Carmelo Anthony barks back at TNT analysts' criticism

Carmelo Anthony celebrates at the buzzer after defeating

Carmelo Anthony celebrates at the buzzer after defeating the Atlanta Hawks at Madison Square Garden. (Jan. 27, 2013) (Credit: Jim McIsaac)

GREENBURGH, N.Y. - Carmelo Anthony was back in a familiar place Tuesday, playing power forward and responding to some of his harshest critics.

It's officially time for the regular season to start -- and to start the clock on Anthony's future.

Anthony opens what could be his final season as a Knick Wednesday night when they face the Bucks at Madison Square Garden. He has said he will opt out and be a free agent after the season, but Anthony doesn't sound as if he's going anywhere the way he returned fire at TNT analysts Charles Barkley and Kenny Smith, who talked about his ability on the court and inability off it to recruit players to New York.

"They don't know what I'm doing," Anthony said after practice. "I haven't had a complaint yet in my 11 years in this NBA about playing with me. I think people would love to come to play in New York. And when that time comes, we'll be working on that.

"I have a big black book. I have a big Rolodex. People that talk about what's going on with me in the offseason, this and that, I should be getting people to come here, I am. I'm trying."

Smith said Monday there aren't "a lot of guys saying they want to come to New York and play here with [Anthony]." Barkley said Anthony shouldn't be talking about opting out, and should worry about trying to get players to join him.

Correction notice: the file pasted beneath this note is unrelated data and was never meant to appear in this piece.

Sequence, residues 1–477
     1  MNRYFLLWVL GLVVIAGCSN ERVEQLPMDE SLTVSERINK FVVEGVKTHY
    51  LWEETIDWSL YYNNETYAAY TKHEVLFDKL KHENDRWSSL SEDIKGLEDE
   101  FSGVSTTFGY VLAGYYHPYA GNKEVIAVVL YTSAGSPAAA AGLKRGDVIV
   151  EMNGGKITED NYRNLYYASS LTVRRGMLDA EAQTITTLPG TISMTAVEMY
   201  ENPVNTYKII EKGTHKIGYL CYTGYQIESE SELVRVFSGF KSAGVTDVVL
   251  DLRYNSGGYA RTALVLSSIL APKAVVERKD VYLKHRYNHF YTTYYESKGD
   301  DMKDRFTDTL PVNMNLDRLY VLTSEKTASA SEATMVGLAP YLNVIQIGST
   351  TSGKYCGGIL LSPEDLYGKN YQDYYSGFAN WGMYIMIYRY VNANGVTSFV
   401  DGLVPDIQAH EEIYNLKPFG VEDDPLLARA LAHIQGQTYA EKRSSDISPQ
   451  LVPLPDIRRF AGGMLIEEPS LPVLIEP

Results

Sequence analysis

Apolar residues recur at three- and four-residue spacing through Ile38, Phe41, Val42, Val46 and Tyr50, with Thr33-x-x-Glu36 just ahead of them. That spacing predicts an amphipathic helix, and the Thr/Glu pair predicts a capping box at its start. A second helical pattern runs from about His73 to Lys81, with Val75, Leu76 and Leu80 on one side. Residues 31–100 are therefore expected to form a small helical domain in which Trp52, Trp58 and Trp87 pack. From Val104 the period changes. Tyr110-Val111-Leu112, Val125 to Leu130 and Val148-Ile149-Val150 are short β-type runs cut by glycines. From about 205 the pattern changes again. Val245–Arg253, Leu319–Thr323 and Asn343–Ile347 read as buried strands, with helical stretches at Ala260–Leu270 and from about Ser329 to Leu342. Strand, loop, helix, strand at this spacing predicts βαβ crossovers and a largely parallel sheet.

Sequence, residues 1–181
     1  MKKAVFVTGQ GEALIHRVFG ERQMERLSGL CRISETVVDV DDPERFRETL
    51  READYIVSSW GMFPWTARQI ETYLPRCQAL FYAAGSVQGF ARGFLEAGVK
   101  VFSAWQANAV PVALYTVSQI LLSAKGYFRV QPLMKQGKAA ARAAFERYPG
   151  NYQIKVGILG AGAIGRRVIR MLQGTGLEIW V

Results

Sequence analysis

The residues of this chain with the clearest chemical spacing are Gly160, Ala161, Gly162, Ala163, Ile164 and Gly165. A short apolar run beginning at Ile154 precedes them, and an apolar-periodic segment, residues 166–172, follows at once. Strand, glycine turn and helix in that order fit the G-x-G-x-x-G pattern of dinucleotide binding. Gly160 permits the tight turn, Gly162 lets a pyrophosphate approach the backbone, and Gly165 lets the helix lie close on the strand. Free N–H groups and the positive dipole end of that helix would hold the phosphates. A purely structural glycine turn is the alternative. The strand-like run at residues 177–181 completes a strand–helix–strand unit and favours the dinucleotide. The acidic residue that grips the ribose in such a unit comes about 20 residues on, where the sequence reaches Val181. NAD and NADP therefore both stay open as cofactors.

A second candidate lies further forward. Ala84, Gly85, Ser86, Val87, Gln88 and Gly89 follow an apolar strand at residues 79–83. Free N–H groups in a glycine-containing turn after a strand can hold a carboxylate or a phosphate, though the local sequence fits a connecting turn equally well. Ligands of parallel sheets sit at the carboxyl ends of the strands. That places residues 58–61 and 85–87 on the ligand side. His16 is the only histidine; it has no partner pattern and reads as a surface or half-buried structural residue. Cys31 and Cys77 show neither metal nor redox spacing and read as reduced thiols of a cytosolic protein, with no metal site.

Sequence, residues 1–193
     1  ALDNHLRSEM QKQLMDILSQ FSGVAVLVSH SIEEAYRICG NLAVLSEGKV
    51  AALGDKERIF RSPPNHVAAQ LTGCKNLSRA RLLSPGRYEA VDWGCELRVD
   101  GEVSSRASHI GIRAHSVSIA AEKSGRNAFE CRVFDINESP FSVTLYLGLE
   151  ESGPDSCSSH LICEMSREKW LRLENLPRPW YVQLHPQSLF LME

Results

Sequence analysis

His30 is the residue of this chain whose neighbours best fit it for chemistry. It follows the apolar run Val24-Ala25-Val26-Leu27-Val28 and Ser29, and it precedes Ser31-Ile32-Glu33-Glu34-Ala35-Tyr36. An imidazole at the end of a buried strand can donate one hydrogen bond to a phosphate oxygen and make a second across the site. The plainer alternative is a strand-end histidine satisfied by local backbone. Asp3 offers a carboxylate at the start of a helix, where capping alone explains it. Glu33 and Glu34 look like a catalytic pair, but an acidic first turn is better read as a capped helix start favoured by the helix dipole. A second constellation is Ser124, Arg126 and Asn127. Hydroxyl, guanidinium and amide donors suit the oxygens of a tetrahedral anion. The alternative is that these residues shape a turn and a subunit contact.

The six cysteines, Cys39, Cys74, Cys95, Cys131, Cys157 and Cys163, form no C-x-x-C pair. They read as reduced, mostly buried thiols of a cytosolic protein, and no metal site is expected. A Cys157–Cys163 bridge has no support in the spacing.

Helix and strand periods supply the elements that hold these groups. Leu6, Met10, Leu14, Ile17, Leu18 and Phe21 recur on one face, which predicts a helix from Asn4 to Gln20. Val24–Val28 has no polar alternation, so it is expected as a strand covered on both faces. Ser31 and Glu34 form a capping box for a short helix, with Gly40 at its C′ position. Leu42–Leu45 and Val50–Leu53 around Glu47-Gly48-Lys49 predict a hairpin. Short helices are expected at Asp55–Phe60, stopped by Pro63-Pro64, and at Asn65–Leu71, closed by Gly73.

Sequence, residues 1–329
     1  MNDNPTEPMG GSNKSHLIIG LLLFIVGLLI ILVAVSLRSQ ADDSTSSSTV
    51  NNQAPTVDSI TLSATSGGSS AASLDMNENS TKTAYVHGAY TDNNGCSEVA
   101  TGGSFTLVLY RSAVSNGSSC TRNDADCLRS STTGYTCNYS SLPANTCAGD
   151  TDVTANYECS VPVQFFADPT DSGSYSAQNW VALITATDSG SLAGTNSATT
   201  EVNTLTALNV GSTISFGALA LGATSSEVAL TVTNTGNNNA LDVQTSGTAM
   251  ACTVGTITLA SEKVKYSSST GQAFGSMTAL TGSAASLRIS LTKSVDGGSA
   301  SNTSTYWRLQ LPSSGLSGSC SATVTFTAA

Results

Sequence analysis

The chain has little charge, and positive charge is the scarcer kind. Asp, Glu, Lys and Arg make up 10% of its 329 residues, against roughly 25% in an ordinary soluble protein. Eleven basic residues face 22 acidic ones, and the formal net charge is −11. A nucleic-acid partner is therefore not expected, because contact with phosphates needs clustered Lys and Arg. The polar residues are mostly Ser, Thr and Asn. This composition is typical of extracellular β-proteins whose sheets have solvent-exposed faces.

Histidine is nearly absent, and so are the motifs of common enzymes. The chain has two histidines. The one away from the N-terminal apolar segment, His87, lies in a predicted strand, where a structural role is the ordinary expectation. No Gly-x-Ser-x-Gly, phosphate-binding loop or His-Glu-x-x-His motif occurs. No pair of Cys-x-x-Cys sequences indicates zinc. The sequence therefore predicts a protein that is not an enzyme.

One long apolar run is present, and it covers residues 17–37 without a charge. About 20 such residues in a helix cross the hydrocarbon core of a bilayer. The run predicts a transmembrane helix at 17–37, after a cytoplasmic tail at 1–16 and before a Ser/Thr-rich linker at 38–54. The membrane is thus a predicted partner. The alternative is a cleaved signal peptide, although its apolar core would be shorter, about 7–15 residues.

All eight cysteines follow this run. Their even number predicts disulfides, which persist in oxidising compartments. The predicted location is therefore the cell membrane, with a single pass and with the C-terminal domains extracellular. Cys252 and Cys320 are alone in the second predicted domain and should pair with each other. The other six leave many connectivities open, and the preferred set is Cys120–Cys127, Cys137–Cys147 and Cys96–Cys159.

"I don't listen to that guy," Anthony said.

Anthony and the Knicks are used to being criticized and doubted.

He was the NBA's top scorer last season and led the Knicks to 54 wins and their first Atlantic Division title in 19 years. But with the Nets vastly improved, few give the Knicks a chance to repeat as division champs let alone win a championship this season.

"I don't care about doubters," Anthony said. "I believe we have what it takes. We believe we have what it takes. But we have to go out there and do that, and show that and prove it. It's hard. I mean, it's hard to do, but we've got to take on that challenge. We've got to be ready for that."

The Knicks open the season a little unsettled.

Anthony started at small forward and Andrea Bargnani at power forward in the preseason. But coach Mike Woodson now seems to be leaning toward bringing Bargnani off the bench. It's likely Anthony will start at power forward with Metta World Peace and Tyson Chandler up front and Raymond Felton and Iman Shumpert in the backcourt.

Woodson also isn't sure how he'll use Amar'e Stoudemire and Kenyon Martin. He has talked about rotating and alternating the two oft-injured veteran forwards. Additionally, the Knicks will be without J.R. Smith, last year's Sixth Man of the Year, for the first five games as he serves a suspension for failing a drug test.

But Woodson, touting the Knicks' depth and versatility, said Bargnani, World Peace and backup guard Beno Udrih can fill Smith's scoring void, and is confident his team is a championship contender.

"I think we're solid enough to compete for one, absolutely," Woodson said. "I like to think that we're one of the teams that's going to be in the hunt. I'm going to coach and push these guys in that direction and we'll see what happens."

Anthony likes the Knicks' chances, and continues to say his focus is on this season and not his future.

"The free agency, that's not hanging over my head," Anthony said. "I'll deal with that in the offseason when that time comes. I'm very excited about this season. I believe it'll be a great season and I think we have a hell of a chance to do something this year."

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